The education secretary has demanded a review into the controversial MBA apprenticeship “to safeguard the integrity of the apprenticeship brand and value for money of the levy.”
The letter, sent today from Gavin Williamson to the new boss at the Institute for Apprenticeships, Jennifer Coupland, sets 1 June as a deadline for determining whether the level 7 senior leader standard will continue to be funded.
The letter comes less than a month after Coupland told FE Week that public funding for management apprenticeships is “perfectly legitimate”.
Coupland was calling on the government to find an extra £750 million to invest in apprenticeships for small employers, those that do not pay the levy.
When asked about the spiraling cost of the controversial management apprenticeships she said: “It is not government money, it comes from the levy that was levied directly to support apprenticeships.”
The Department for Education told FE Week 34 of their staff are currently studying towards the apprenticeship MBA.
The then-director of the DfE’s National Apprenticeship Service, Sue Husband, told a House of Lords enquiry in 2018 she was on a level 6 chartered management degree apprenticeship and was finding it “hugely beneficial”. She confirmed to FE Week this morning she was carrying on the apprenticeship with her new employer.
FE Week was first to report, back in 2016, that management apprenticeships were already the third most popular, proving to be “unstoppable” and would likely “rocket to the top spot once the apprenticeship levy kicks in next year.”
In early 2019, our analysis found management taking the top-spot, including 1,220 starts on the level 7 MBA.
The levy is paid to the Treasury, which means it is technically public funding, and its use for management qualifications has come under criticism from Ofsted’s chief inspection, Amanda Spielman, who said “we see levy funding subsidising re-packaged graduate schemes and MBAs that just don’t need it”.
The National Audit Office last year reported that these “new types of apprenticeship raise questions about whether public money is being used to pay for training that already existed in other forms”.
And more than a year ago, the then skills minister, Anne Milton, told the chief executive of the Association of Colleges David Hughes: “We will need to look ahead, when the system is really running well – and I think we’re nearly at that stage – when we need to look at do we continue to fund apprenticeships for people who are already in work, people doing second degrees.”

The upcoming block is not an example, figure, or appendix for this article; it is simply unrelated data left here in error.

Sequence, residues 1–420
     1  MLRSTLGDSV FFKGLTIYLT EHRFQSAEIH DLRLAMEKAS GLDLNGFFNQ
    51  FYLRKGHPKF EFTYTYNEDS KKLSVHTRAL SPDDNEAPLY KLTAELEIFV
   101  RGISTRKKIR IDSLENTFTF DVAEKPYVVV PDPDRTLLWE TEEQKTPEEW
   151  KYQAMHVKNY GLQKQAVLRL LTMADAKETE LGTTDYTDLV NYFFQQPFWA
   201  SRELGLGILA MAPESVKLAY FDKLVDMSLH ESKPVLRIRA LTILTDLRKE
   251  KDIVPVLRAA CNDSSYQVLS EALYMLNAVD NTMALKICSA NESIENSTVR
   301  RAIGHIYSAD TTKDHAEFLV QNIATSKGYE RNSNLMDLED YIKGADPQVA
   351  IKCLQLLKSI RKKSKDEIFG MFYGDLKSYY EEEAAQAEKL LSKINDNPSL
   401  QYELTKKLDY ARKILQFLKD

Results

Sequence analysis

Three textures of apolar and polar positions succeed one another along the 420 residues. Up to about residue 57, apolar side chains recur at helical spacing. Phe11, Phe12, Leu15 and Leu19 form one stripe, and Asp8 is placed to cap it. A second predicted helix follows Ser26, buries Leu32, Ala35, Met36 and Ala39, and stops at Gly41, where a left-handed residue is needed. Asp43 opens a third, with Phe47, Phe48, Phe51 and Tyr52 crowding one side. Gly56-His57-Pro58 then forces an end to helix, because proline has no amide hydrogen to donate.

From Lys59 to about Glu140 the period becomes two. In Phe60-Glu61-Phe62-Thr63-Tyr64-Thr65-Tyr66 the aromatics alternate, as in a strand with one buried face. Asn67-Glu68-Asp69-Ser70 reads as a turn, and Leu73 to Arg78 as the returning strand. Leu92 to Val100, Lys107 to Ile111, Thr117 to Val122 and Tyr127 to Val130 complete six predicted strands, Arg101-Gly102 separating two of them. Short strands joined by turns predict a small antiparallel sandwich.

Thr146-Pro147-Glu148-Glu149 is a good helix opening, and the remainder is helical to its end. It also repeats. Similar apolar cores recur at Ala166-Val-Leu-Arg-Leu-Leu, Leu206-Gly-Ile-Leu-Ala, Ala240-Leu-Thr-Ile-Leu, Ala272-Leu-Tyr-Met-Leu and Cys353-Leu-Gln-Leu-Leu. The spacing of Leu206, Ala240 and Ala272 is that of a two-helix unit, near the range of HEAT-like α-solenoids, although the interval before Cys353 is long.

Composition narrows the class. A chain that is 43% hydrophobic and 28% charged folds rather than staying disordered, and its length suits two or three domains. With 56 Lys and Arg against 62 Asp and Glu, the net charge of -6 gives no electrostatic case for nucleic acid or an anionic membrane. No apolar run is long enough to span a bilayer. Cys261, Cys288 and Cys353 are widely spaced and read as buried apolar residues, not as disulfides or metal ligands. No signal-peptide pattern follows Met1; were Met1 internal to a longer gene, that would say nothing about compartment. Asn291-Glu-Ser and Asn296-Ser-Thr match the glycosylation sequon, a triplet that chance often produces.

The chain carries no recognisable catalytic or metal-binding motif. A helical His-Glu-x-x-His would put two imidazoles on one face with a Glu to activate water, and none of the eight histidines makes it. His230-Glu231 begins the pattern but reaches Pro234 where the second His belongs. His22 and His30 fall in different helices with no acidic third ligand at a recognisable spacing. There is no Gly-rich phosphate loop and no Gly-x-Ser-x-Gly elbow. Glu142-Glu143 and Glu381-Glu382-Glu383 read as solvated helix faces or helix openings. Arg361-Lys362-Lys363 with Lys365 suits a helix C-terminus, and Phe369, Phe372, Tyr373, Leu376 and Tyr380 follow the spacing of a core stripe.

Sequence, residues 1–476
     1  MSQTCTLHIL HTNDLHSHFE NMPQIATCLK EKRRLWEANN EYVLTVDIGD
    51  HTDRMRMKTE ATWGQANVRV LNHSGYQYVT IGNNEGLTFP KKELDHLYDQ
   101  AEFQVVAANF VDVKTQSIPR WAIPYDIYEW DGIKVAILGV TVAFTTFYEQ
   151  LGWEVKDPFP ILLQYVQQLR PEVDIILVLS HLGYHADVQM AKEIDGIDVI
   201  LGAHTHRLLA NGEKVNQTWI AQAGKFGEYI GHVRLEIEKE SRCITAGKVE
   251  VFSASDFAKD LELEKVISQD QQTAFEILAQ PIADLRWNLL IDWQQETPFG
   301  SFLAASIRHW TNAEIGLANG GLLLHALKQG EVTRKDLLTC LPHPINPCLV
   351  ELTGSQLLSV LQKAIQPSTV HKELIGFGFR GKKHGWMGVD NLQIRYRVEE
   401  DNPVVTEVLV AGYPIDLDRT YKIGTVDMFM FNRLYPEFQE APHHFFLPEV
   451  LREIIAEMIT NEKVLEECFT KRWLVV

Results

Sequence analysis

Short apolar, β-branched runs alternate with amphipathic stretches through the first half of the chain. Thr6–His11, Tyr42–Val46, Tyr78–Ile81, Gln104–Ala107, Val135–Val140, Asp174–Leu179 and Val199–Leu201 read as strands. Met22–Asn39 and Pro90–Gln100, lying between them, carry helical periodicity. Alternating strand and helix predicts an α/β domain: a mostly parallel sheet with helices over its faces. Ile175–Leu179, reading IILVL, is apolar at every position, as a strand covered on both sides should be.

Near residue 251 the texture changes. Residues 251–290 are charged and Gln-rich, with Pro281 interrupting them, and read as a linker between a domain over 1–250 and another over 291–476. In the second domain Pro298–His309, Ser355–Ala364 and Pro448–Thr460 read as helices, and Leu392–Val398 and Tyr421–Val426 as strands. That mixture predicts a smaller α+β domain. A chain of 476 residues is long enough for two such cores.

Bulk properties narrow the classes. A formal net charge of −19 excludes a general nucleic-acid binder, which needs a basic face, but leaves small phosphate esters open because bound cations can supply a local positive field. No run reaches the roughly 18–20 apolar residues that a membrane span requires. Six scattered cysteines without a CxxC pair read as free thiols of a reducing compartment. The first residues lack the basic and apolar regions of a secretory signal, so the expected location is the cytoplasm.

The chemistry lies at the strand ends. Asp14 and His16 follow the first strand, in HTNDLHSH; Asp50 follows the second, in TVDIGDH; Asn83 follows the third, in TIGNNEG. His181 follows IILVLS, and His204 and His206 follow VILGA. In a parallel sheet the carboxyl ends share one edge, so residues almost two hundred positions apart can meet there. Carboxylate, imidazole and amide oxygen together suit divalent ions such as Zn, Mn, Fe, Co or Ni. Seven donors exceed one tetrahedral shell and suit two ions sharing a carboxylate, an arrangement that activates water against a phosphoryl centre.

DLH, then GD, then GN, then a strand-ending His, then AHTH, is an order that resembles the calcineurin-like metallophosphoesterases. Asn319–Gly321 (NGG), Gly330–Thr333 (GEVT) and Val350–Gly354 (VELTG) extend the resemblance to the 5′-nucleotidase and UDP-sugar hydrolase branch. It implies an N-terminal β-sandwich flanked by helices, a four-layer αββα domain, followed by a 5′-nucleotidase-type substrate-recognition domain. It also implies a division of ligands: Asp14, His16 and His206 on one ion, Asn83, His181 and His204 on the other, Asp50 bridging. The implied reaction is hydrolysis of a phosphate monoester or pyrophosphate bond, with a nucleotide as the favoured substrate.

In a statement to the media that accompanied the letter, Williamson said: “The levy funds apprenticeships for businesses of all sizes, helping people of all ages and backgrounds make the most of their talents.
“I am committed to maintaining an employer-led system, but I’m not convinced the levy should be used to pay for staff, who are often already highly qualified and highly paid, to receive an MBA.
“I’d rather see funding helping to kick-start careers or level up skills and opportunities. That’s why I’ve asked for a review of the senior leader apprenticeship standard to ensure it is meeting its aims.”
Read Gavin Williamson’s letter in full:
I know the Institute and its Board share my commitment for apprenticeships to support learners to develop and progress and employers to build a talent pipeline and increase the productivity of their business.
I am absolutely determined to make sure levy funds are being used to support the people that can benefit most from an apprenticeship, such as those starting out in their careers or helping more people from disadvantaged backgrounds to get ahead, and that we ensure good value for money in the apprenticeships offer. My officials will be working closely with you through the Spending Review process to make sure that we achieve that balance.
In that context, I am unconvinced that having an apprenticeship standard that includes an MBA paid for by the levy is in the spirit of our reformed apprenticeships or provides value for money. I question whether an MBA is an essential regulatory or professional requirement to work in this field of senior leadership. It is of the utmost importance for the integrity of the programme and the apprenticeships brand that each and every standard meets our highest possible expectations. I recognise that looking again at this standard may be unpopular with some levy payers. Whilst respecting the decisions that employers make about which apprenticeships and apprentices are best for their organisation, I am of the view that we absolutely need to safeguard the integrity of the apprenticeship brand and value for money of the levy.
Therefore, I am asking the Institute, as the body responsible for the quality and content of those standards, to bring forward a formal review of the Senior Leader Level 7 standard. You should ensure that the standard meets the current policy intent and rules, including the mandatory qualifications policy, and provides value for money.
I have every confidence that notwithstanding your range of priorities you will be able to take forward this review with your employer-led groups at pace. Therefore, I look forward to hearing back from you by 1 June about the outcome of your considerations.
I am copying this letter to Antony Jenkins, Chair of the Institute.